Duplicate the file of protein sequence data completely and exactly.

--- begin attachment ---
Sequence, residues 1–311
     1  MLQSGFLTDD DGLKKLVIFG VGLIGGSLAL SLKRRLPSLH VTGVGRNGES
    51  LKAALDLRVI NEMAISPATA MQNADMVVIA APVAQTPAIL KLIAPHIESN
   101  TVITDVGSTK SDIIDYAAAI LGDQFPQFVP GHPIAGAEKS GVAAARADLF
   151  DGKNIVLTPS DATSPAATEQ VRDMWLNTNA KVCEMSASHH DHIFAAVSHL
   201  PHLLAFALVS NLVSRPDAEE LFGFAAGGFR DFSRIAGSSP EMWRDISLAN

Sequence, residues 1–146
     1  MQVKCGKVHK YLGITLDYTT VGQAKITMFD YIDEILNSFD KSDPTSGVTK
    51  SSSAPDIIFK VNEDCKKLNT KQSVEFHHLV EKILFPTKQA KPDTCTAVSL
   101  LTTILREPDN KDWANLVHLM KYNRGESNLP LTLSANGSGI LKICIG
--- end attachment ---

Sequence, residues 1–311
     1  MLQSGFLTDD DGLKKLVIFG VGLIGGSLAL SLKRRLPSLH VTGVGRNGES
    51  LKAALDLRVI NEMAISPATA MQNADMVVIA APVAQTPAIL KLIAPHIESN
   101  TVITDVGSTK SDIIDYAAAI LGDQFPQFVP GHPIAGAEKS GVAAARADLF
   151  DGKNIVLTPS DATSPAATEQ VRDMWLNTNA KVCEMSASHH DHIFAAVSHL
   201  PHLLAFALVS NLVSRPDAEE LFGFAAGGFR DFSRIAGSSP EMWRDISLAN

Sequence, residues 1–146
     1  MQVKCGKVHK YLGITLDYTT VGQAKITMFD YIDEILNSFD KSDPTSGVTK
    51  SSSAPDIIFK VNEDCKKLNT KQSVEFHHLV EKILFPTKQA KPDTCTAVSL
   101  LTTILREPDN KDWANLVHLM KYNRGESNLP LTLSANGSGI LKICIG